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Why are inkjet printers faster in black?



 
 
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  #11  
Old May 28th 18, 05:15 PM posted to alt.comp.hardware
Paul[_28_]
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Posts: 731
Default Why are inkjet printers faster in black?

Jimmy Wilkinson Knife wrote:
On Mon, 28 May 2018 08:14:23 +0100, rp wrote:

On Sun, 27 May 2018 22:03:42 +0100, Jimmy Wilkinson Knife wrote:

Why are inkjet printers faster in black than in colour? Surely black
is just one of the inks, like cyan, magenta, and yellow. Since the
heads are independant, why would black only be faster? Is there a
****ty processor in the printers that's slower than the 4 heads
combined?


If you check the specs for your printer you will find;


Nozzle Configuration
90 Nozzles Black, 29 Nozzles per Color

now work it out for yourself.


Odd it's not 30 per colour, exactly a third of the black, so three passes.


That's going to vary from printer to printer.

I could find a photo printer, running 8 colors at 768 nozzles
per color and only 1 picoliter drop size. The nozzle count
in that case was the same for each color. They bump up the
number of colors, to compensate for the color range they
can accomplish with a given ink (which isn't all that impressive).
The last time I checked, I think I found one running 6 colors,
and I guess like razor blade designs, "you can never have
too many".

On some printers, the "height" of the active surface on the
black, is different than the color, which means the "swath"
per pass is different, and it takes more passes back and
forth to process a sheet.

I couldn't remember the word yesterday, but you can also
print in "Draft" mode to make it go faster. They have
other words for modes, such as "Eco" mode, which you might
use for a first-pass print of some new work.

Paul
  #12  
Old May 28th 18, 05:21 PM posted to alt.comp.hardware
Jimmy Wilkinson Knife
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Posts: 24
Default Why are inkjet printers faster in black?

On Mon, 28 May 2018 17:15:11 +0100, Paul wrote:

Jimmy Wilkinson Knife wrote:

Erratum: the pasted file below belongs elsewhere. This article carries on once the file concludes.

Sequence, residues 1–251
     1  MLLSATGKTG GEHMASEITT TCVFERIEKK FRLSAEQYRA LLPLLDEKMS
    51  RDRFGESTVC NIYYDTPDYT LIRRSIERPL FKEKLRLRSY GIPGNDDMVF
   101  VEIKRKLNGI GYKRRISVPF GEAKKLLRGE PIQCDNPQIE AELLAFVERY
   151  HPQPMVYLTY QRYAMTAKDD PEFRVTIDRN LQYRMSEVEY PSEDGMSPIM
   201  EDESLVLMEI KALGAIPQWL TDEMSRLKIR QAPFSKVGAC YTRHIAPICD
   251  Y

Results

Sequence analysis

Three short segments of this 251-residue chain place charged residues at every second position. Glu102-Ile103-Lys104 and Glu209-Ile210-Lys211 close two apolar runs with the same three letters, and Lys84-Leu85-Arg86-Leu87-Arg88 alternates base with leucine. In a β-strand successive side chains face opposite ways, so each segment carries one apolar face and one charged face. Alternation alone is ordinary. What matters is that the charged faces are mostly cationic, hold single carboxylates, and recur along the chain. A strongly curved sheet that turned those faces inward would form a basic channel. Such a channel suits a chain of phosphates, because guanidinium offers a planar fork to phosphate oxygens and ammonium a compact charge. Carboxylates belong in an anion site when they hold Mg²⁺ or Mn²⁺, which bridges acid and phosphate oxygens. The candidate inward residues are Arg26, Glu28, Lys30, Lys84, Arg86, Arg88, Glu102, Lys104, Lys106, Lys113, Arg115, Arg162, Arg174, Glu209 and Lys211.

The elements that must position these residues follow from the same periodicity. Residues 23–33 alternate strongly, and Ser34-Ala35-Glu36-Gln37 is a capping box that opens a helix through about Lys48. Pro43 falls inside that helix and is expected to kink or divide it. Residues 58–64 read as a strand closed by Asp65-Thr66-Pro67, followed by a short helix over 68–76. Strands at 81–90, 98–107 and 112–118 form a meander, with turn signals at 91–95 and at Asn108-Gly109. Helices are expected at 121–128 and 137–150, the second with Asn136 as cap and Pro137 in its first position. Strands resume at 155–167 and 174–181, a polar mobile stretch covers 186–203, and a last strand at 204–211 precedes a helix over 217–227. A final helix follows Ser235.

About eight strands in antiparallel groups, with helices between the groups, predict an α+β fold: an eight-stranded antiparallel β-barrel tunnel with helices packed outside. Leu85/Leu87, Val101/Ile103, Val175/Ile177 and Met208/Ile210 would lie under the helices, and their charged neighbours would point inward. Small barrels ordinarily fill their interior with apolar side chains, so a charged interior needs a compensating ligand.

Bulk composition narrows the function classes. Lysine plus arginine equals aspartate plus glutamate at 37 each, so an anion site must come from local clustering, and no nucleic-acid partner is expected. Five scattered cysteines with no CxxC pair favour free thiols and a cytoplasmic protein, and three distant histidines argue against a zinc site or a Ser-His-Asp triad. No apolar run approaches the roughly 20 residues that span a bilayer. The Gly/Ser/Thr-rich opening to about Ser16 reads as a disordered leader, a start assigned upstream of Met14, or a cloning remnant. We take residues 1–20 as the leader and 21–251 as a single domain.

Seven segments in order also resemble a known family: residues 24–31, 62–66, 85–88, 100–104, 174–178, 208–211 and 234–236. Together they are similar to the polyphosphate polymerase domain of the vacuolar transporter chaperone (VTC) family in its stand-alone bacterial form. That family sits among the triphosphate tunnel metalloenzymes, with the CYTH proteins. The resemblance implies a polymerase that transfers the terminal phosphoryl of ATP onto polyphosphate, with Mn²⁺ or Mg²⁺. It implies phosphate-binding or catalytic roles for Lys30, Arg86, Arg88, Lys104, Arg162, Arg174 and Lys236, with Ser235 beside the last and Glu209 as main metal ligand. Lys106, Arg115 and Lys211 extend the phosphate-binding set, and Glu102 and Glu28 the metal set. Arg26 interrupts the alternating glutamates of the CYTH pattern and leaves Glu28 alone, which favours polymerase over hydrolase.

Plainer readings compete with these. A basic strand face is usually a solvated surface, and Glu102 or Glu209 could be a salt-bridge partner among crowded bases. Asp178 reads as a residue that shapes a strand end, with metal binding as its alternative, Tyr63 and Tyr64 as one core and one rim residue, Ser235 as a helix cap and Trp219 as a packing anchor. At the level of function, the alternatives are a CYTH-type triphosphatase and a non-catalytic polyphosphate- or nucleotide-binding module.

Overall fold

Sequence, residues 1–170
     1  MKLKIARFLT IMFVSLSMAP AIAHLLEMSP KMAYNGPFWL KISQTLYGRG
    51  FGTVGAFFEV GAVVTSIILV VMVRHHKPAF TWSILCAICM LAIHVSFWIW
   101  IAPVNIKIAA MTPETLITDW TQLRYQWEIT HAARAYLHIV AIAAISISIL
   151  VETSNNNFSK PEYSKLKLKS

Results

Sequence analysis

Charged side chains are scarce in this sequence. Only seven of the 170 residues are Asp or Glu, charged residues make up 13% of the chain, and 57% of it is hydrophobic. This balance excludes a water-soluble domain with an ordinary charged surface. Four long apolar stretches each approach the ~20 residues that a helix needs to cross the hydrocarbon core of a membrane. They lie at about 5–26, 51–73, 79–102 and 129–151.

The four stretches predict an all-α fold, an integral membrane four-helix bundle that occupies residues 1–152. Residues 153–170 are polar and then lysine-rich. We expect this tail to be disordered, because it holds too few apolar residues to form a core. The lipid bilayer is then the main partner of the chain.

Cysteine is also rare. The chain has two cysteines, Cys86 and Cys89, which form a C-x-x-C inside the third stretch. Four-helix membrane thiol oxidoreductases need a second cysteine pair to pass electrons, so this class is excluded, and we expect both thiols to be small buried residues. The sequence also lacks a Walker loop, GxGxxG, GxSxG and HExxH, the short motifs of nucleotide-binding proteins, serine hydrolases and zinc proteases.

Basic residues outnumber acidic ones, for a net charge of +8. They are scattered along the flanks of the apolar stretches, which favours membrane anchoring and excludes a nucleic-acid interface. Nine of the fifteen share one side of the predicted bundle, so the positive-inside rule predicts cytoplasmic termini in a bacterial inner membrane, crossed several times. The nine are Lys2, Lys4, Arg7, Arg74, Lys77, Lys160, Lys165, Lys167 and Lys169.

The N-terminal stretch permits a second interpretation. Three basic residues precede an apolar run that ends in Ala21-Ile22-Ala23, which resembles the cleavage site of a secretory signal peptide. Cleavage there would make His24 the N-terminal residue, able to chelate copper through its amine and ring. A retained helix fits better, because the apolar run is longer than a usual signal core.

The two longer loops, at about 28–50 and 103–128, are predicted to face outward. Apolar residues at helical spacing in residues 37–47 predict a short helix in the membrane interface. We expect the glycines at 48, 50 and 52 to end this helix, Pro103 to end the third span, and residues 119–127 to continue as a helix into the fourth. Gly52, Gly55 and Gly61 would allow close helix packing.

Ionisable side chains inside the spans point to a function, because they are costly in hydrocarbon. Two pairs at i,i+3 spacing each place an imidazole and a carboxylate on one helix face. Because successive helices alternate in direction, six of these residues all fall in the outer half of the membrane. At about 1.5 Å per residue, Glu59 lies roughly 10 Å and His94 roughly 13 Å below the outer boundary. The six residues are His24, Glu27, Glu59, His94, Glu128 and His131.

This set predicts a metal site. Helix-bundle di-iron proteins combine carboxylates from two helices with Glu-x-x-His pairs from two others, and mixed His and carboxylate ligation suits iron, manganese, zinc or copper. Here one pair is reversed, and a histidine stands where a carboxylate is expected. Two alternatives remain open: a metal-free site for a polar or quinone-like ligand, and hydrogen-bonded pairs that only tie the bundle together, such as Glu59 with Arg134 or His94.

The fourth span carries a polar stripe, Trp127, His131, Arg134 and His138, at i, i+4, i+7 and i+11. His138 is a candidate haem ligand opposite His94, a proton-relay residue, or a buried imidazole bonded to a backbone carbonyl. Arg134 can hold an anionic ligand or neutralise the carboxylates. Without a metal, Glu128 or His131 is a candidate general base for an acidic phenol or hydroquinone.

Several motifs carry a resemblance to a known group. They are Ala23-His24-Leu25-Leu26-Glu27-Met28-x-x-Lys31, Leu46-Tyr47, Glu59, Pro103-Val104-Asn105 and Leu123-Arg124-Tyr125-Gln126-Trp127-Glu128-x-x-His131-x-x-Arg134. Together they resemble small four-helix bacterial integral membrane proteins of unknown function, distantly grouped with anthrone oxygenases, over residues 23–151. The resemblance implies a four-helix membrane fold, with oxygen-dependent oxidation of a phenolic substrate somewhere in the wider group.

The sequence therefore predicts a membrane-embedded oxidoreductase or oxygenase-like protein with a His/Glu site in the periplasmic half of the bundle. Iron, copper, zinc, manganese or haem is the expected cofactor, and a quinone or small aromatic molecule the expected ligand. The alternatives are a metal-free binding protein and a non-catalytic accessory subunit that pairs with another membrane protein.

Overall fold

On Mon, 28 May 2018 08:14:23 +0100, rp wrote:

On Sun, 27 May 2018 22:03:42 +0100, Jimmy Wilkinson Knife wrote:

Why are inkjet printers faster in black than in colour? Surely black
is just one of the inks, like cyan, magenta, and yellow. Since the
heads are independant, why would black only be faster? Is there a
****ty processor in the printers that's slower than the 4 heads
combined?

If you check the specs for your printer you will find;


Nozzle Configuration
90 Nozzles Black, 29 Nozzles per Color

now work it out for yourself.


Odd it's not 30 per colour, exactly a third of the black, so three passes.


That's going to vary from printer to printer.

I could find a photo printer, running 8 colors at 768 nozzles
per color and only 1 picoliter drop size. The nozzle count
in that case was the same for each color. They bump up the
number of colors, to compensate for the color range they
can accomplish with a given ink (which isn't all that impressive).
The last time I checked, I think I found one running 6 colors,
and I guess like razor blade designs, "you can never have
too many".

On some printers, the "height" of the active surface on the
black, is different than the color, which means the "swath"
per pass is different, and it takes more passes back and
forth to process a sheet.


Not sure what you mean by that. But surely black shoots out the same amount of ink in the same size droplets as colour?

I couldn't remember the word yesterday, but you can also
print in "Draft" mode to make it go faster. They have
other words for modes, such as "Eco" mode, which you might
use for a first-pass print of some new work.


I just leave it on normal, unless I'm doing a photo print on glossy paper, more is not needed. As for draft, it looks like **** and is hardly legible.

--
Sprinter Tim Montgomery is banned 2 years for doping.
Track officials began to suspect he might be juicing.
His personal best time recently broke the record held by Chuck Yeager.
 




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